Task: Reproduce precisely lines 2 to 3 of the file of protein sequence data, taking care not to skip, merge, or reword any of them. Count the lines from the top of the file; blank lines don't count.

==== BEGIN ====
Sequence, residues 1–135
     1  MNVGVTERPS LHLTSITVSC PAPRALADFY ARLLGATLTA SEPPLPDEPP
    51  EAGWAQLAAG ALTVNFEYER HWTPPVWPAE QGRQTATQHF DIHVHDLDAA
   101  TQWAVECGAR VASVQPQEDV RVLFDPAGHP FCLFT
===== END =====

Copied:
     1  MNVGVTERPS LHLTSITVSC PAPRALADFY ARLLGATLTA SEPPLPDEPP
    51  EAGWAQLAAG ALTVNFEYER HWTPPVWPAE QGRQTATQHF DIHVHDLDAA